Great find 1994 Silver Oak Napa Valley Cabernet Sauvignon ($75). You'd have a very hard time finding this much- sought-after bottling at this price at any Washington, D.C., wine shop (2809 M St. NW; 202-625-0077).

One Sixtyblue
Restaurant designer Adam Tihany made wine the visual focus of this loft-like restaurant, placing wine racks in a glass room where bartenders reach bottles via a library ladder. General manager and wine director Kelly G. Mullarney, meanwhile, made sure that his very attractive wine list showcased chef Patrick Robertson's food. "The list tends toward lighter style wines that complement Patrick's cooking," he says. Alsace wines, he adds, work especially well. "They not only have a nice light style but also a spicy complexity that's just the thing for dishes like grilled salmon with an emulsion of saffron, olive oil and lemon." Future plans include a significant expansion of the current by-the-glass wine offerings.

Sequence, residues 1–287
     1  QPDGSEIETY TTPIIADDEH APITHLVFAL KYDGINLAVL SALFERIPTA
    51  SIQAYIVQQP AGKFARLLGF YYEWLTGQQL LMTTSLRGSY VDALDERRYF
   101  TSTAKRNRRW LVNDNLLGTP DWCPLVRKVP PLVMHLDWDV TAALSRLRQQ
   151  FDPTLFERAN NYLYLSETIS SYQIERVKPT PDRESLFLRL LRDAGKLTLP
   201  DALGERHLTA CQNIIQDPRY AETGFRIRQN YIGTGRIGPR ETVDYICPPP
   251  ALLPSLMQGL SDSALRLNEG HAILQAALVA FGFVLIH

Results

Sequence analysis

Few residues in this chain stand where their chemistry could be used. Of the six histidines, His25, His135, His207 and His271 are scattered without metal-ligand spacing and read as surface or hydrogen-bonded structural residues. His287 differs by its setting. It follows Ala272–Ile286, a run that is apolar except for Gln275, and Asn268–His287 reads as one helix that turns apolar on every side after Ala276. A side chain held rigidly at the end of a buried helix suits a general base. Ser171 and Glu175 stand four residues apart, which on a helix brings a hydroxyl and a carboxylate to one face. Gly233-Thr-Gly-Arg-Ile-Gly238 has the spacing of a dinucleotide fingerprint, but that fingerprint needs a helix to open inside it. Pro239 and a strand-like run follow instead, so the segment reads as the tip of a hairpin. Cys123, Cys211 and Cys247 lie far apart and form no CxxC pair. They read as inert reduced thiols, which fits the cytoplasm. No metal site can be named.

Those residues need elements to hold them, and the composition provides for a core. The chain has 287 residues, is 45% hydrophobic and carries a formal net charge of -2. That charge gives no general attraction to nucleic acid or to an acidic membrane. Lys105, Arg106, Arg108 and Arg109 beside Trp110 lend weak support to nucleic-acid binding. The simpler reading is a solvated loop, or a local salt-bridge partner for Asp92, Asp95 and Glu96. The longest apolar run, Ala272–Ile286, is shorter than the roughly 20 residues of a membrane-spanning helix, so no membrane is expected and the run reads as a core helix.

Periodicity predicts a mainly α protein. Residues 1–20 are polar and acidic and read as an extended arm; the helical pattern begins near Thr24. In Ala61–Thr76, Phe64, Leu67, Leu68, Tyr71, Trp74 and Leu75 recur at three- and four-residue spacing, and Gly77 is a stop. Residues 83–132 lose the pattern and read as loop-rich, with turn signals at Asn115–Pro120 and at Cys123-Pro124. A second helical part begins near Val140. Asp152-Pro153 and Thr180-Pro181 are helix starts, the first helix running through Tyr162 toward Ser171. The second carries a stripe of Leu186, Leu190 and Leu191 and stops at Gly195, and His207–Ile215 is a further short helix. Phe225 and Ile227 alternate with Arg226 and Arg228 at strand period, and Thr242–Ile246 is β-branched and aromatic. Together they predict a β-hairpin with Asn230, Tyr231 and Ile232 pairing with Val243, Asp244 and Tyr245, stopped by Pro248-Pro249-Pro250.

Great find 1996 Ici/La-Bas Les Révélés Pinot Noir ($55). This silky and lively beauty is made by Jim Clendenen of Au Bon Climat fame (160 N. Loomis St.; 312-850-0303).

The almost all-Italian (or Italian varietal) wine list of Tavolino makes it a bit of a renegade in San Francisco, the gateway to California wine country. "We expected a ruckus when customers couldn't get a California Char-donnay," wine director David Benjamin notes. "But I think it's actually been fun for people."

Tavolino, modeled after a Venetian wine bar, serves cicchetti (the Venetian version of tapas), which include small dishes like seared scallops and black risotto, and the restaurant offers close to 20 wines by the glass. Initially, these were primarily from the Veneto (Soave, Bardolino and Amarone), although Benjamin later added wines from other Italian regions, as well as some Cal-Ital selections, such as the house red, a blend made by Sonoma's Duxoup winery.

Great find Ruggeri Prosecco ($6.25 a glass). This sparkler from the Veneto tastes like peaches and is wonderful with raw oysters (401 Columbus Ave.; 415-392-1472).

Pinot Provence